The macrophage-mediated BRAFi resistance was significantly reversed by this treatment, confirming that VEGF plays a pivotal role in macrophage-mediated BRAFi resistance.
Once the team had established that VEGF was the mediator, experiments were conducted to determine how BRAFi caused the macrophages to produce and release VEGF. The team found that the MAPK pathway was strongly activated in macrophages in as little as 30 minutes following treatment with PLX4270. Furthermore, RAS activity in macrophages was found to be 2- to 4-fold higher than inBRAF-mutant melanoma cell lines. The authors concluded that BRAF inhibition activates the MAPK pathway because of this high level of endogenous RAS activity; BRAF inhibition increased macrophage growth and reduced the incidence of cell death. In support of these experimental observations, examination of tumor samples from 10 patients with melanoma identified a higher proportion of macrophages present after (compared with before) treatment with a BRAFi.
The activation of the MAPK pathway leads to the production of VEGF in macrophages,10and subsequent experiments demonstrated that treatment of macrophages with PLX4270 increased the production of VEGF.
Using a murine syngeneic tumor system treated with PLX4720, the authors demonstrated that GW2580, previously shown to reverse macrophage-mediated resistance to BRAFi treatment, could significantly reduce tumor size. However, the effect was less than that achieved using PLX4720. Administering both agents achieved greater reduction in tumor size and weight. GW2580 likely inhibits the macrophages, because treatment of melanoma cell cultures with GW2580 alone had no effect on growth or rate of cell death.
To determine possible clinical relevance of the data, the authors obtained pretreatment stage IV melanoma tissues from 10 patients undergoing therapy with a BRAFi. The tissues were co-stained for the proliferation marker Ki67 and a macrophage marker. Not surprisingly, the macrophages were found to be present in a large number, and Ki67- positive melanoma cells were commonly found to be surrounded by the macrophages, ensuring a microenvironment that would enable rapid tumor growth. An association was found between the number of macrophages present before treatment and progression-free survival. Cox regression analysis showed that a higher number of macrophages pretreatment was associated with shorter progression-free survival (HR, 1.38;P= .046).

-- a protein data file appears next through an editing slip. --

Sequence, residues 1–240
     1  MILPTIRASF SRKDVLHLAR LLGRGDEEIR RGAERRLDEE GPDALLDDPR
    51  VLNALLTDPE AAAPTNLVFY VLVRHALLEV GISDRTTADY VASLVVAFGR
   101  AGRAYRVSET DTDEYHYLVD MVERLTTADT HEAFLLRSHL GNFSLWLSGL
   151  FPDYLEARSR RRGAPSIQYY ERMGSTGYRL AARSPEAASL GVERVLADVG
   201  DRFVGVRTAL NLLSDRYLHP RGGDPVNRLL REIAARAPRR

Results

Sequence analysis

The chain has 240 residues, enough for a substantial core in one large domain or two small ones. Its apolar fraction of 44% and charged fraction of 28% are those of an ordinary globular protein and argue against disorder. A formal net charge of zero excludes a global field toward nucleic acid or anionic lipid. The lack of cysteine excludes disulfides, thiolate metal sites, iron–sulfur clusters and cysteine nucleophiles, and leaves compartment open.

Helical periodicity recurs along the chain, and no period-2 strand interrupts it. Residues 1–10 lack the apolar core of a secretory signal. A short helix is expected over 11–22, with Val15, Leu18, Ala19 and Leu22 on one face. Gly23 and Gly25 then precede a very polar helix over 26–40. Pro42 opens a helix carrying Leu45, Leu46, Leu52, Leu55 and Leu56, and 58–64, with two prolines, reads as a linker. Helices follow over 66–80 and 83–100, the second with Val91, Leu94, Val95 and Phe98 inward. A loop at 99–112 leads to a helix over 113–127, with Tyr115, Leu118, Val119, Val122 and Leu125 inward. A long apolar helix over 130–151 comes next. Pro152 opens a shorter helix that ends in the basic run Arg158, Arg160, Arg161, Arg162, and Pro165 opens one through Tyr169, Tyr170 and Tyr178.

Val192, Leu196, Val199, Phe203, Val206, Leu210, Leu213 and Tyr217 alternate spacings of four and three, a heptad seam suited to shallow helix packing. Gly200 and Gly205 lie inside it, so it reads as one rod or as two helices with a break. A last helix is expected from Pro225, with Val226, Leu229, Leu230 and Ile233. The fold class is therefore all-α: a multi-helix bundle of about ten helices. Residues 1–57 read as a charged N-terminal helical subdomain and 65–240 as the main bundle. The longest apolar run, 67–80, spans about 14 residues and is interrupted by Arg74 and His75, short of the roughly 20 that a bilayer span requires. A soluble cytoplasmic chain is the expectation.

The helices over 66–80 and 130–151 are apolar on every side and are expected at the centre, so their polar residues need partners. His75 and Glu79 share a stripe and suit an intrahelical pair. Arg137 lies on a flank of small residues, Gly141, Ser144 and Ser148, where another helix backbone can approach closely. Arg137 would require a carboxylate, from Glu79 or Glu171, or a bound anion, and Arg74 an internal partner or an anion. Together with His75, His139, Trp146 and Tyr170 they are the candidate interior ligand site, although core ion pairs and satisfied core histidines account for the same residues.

“This study gives us important insight into the off-target effects these inhibitors can have on patients,” Kaufman said. “With this piece of information, we have determined just how important one of these off-target effects can be, and from here, we can decide whether the right approach is to target the macrophages themselves or to design new BRAF-inhibiting drugs that do not activate macrophages.”11
Speaking more generally of the implications of the study, Kaufman added, “We believe there will be many off-targets or paradoxical effects from intended targets. Therefore, the development of new targeted therapies should at a minimum include gene array analysis of cells or cell lines different than the intended targeted cells.”